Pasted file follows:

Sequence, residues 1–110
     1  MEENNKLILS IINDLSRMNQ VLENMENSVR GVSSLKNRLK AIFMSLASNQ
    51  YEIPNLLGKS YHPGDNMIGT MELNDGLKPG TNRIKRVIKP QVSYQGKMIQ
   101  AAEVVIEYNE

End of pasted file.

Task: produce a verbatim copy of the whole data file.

Sequence, residues 1–110
     1  MEENNKLILS IINDLSRMNQ VLENMENSVR GVSSLKNRLK AIFMSLASNQ
    51  YEIPNLLGKS YHPGDNMIGT MELNDGLKPG TNRIKRVIKP QVSYQGKMIQ
   101  AAEVVIEYNE